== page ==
"np.unique(arr)",
"list(dict(arr))",
],
n_range=[2 ** k for k in range(23)],
xlabel="len(array)",
equality_check=None,
)
# plt.title("input array = [0, 1, 2,..., n]")
plt.title("input array = [0, 0,..., 0]")
b.save("out.png")
b.show()
Reduce variant with ordering preserve:
Assume that we have list:
l = [5, 6, 6, 1, 1, 2, 2, 3, 4]
Reduce variant (unefficient):
>>> reduce(lambda r, v: v in r and r or r + [v], l, [])
[5, 6, 1, 2, 3, 4]
5 x faster but more sophisticated
>>> reduce(lambda r, v: v in r[1] and r or (r[0].append(v) or r[1].add(v)) or r, l, ([], set()))[0]
[5, 6, 1, 2, 3, 4]
Explanation:
default = (list(), set())
# user list to keep order
# use set to make lookup faster
def reducer(result, item):
if item not in result[1]:
result[0].append(item)
result[1].add(item)
return result
reduce(reducer, l, default)[0]
You can use the following function:
def rem_dupes(dup_list):
yooneeks = []
for elem in dup_list:
if elem not in yooneeks:
yooneeks.append(elem)
return yooneeks
Example:
my_list = ['this','is','a','list','with','dupicates','in', 'the', 'list']
Usage:
rem_dupes(my_list)
['this', 'is', 'a', 'list', 'with', 'dupicates', 'in', 'the']
This one cares about the order without too much hassle (OrderdDict & others). Probably not the most Pythonic way, nor shortest way, but does the trick:
def remove_duplicates(item_list):
''' Removes duplicate items from a list '''
singles_list = []
for element in item_list:
if element not in singles_list:
singles_list.append(element)
return singles_list
list
); 2. Your method scales extremely bad: it is quadratic in the number of elements in list
.
Jan 7, 2018 at 19:05
There are many other answers suggesting different ways to do this, but they're all batch operations, and some of them throw away the original order. That might be okay depending on what you need, but if you want to iterate over the values in the order of the first instance of each value, and you want to remove the duplicates on-the-fly versus all at once, you could use this generator:
def uniqify(iterable):
seen = set()
for item in iterable:
if item not in seen:
seen.add(item)
yield item
This returns a generator/iterator, so you can use it anywhere that you can use an iterator.
for unique_item in uniqify([1, 2, 3, 4, 3, 2, 4, 5, 6, 7, 6, 8, 8]):
print(unique_item, end=' ')
print()
Output:
1 2 3 4 5 6 7 8
If you do want a list
, you can do this:
unique_list = list(uniqify([1, 2, 3, 4, 3, 2, 4, 5, 6, 7, 6, 8, 8]))
print(unique_list)
Output:
[1, 2, 3, 4, 5, 6, 7, 8]
seen = set(iterable); for item in seen: yield item
is almost certainly faster. (I haven't tried this specific case, but that would be my guess.)
Without using set
data=[1, 2, 3, 1, 2, 5, 6, 7, 8]
uni_data=[]
for dat in data:
if dat not in uni_data:
uni_data.append(dat)
print(uni_data)
In python, it is very easy to process the complicated cases like this and only by python's built-in type.
Let me show you how to do !
Method 1: General Case
The way (1 line code) to remove duplicated element in list and still keep sorting order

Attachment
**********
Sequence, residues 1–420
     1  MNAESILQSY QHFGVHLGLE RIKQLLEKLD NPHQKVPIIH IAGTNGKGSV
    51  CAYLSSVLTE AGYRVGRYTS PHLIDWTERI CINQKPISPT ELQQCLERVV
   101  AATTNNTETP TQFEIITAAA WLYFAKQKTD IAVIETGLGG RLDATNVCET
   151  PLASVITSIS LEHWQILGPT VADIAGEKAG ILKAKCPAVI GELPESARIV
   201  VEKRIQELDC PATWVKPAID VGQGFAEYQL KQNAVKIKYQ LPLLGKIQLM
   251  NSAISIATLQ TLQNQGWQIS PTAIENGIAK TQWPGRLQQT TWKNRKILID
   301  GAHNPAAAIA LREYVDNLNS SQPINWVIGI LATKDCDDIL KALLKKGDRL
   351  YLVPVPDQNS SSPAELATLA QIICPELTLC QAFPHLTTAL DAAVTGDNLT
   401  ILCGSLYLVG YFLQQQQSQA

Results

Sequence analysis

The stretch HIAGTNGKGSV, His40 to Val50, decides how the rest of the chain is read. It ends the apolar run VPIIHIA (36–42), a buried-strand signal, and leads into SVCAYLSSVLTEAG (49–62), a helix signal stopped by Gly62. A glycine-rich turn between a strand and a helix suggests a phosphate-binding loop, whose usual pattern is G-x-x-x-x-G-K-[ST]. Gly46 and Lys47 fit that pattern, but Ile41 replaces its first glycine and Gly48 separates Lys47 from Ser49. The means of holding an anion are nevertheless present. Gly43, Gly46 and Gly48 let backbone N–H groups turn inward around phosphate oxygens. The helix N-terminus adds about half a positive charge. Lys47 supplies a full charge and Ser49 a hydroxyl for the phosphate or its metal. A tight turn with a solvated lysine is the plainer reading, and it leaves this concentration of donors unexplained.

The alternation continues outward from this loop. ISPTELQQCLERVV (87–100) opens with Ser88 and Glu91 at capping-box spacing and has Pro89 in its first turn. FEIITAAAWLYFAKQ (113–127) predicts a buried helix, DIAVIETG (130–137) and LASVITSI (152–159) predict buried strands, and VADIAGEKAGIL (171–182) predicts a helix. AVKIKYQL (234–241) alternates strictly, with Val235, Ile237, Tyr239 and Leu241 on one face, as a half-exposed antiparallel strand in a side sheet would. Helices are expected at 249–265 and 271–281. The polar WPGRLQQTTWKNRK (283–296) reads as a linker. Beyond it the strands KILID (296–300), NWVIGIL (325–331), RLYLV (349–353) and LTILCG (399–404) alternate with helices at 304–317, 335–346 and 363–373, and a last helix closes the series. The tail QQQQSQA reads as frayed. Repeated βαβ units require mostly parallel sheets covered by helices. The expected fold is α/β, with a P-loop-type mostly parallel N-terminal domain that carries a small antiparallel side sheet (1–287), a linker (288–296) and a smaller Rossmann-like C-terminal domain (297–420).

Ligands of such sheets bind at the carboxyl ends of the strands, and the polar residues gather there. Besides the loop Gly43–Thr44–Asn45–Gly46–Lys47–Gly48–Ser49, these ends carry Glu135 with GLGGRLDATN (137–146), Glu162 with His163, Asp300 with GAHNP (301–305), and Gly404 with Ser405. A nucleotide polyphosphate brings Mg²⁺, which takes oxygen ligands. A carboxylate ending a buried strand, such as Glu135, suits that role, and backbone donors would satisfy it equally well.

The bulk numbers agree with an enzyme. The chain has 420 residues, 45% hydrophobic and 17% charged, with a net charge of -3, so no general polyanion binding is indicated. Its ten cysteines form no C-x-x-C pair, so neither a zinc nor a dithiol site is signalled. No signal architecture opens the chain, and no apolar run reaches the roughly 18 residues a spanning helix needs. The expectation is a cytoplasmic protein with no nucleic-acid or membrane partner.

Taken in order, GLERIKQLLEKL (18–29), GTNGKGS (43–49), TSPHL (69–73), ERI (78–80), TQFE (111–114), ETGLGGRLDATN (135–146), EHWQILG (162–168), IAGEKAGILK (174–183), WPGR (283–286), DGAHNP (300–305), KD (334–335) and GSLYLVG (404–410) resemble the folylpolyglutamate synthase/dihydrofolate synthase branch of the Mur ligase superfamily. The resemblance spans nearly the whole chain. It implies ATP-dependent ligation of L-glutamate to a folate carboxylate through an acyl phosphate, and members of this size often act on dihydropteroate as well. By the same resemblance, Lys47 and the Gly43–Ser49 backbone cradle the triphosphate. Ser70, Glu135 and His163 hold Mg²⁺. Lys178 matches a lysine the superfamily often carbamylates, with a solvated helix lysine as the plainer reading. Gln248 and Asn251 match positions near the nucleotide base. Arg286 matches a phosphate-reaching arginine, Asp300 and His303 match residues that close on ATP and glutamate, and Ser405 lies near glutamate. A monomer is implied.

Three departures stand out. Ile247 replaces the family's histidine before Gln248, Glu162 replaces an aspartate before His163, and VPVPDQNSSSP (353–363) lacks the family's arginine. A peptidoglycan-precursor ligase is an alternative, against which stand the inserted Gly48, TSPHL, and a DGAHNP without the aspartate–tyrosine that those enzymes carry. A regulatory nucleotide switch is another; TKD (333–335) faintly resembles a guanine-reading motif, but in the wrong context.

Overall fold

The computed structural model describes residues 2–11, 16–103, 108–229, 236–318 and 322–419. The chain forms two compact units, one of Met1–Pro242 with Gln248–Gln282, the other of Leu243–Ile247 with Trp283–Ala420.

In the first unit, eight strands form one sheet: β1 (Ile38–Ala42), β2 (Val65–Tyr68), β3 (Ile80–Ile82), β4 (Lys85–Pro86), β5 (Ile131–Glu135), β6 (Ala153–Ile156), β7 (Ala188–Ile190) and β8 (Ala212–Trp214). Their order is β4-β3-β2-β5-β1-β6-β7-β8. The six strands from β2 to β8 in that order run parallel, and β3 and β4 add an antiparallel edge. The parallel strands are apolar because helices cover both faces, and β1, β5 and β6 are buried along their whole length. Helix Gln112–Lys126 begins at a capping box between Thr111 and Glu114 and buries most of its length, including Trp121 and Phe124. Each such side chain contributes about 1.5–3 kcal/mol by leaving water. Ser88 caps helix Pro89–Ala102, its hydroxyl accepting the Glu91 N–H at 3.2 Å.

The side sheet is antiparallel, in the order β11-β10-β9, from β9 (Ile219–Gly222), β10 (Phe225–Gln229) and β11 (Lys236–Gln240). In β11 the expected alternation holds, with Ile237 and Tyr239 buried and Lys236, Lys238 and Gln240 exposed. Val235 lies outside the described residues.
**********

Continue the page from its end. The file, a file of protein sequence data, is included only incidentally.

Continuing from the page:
line = [1, 2, 3, 1, 2, 5, 6, 7, 8]
new_line = sorted(set(line), key=line.index) # remove duplicated element
print(new_line)
You will get the result
[1, 2, 3, 5, 6, 7, 8]
Method 2: Special Case
TypeError: unhashable type: 'list'
The special case to process unhashable (3 line codes)
line=[['16.4966155686595', '-27.59776154691', '52.3786295521147']
,['16.4966155686595', '-27.59776154691', '52.3786295521147']
,['17.6508629295574', '-27.143305738671', '47.534955022564']
,['17.6508629295574', '-27.143305738671', '47.534955022564']
,['18.8051102904552', '-26.688849930432', '42.6912804930134']
,['18.8051102904552', '-26.688849930432', '42.6912804930134']
,['19.5504702331098', '-26.205884452727', '37.7709192714727']
,['19.5504702331098', '-26.205884452727', '37.7709192714727']
,['20.2929416861422', '-25.722717575124', '32.8500163147157']
,['20.2929416861422', '-25.722717575124', '32.8500163147157']]
tuple_line = [tuple(pt) for pt in line] # convert list of list into list of tuple
tuple_new_line = sorted(set(tuple_line),key=tuple_line.index) # remove duplicated element
new_line = [list(t) for t in tuple_new_line] # convert list of tuple into list of list
print (new_line)
You will get the result :
[
['16.4966155686595', '-27.59776154691', '52.3786295521147'],
['17.6508629295574', '-27.143305738671', '47.534955022564'],
['18.8051102904552', '-26.688849930432', '42.6912804930134'],
['19.5504702331098', '-26.205884452727', '37.7709192714727'],
['20.2929416861422', '-25.722717575124', '32.8500163147157']
]
Because tuple is hashable and you can convert data between list and tuple easily
below code is simple for removing duplicate in list
def remove_duplicates(x):
a = []
for i in x:
if i not in a:
a.append(i)
return a
print remove_duplicates([1,2,2,3,3,4])
it returns [1,2,3,4]
list(set(..))
(over 1 million passes) will beat this solution by about 10 whole seconds - whereas this approach takes about 12 seconds, list(set(..))
only takes about 2 seconds!
Here's the fastest pythonic solution comaring to others listed in replies.
Using implementation details of short-circuit evaluation allows to use list comprehension, which is fast enough. visited.add(item)
always returns None
as a result, which is evaluated as False
, so the right-side of or
would always be the result of such an expression.
Time it yourself
def deduplicate(sequence):
visited = set()
adder = visited.add # get rid of qualification overhead
out = [adder(item) or item for item in sequence if item not in visited]
return out
Using set :
a = [0,1,2,3,4,3,3,4]
a = list(set(a))
print a
Using unique :
import numpy as np
a = [0,1,2,3,4,3,3,4]
a = np.unique(a).tolist()
print a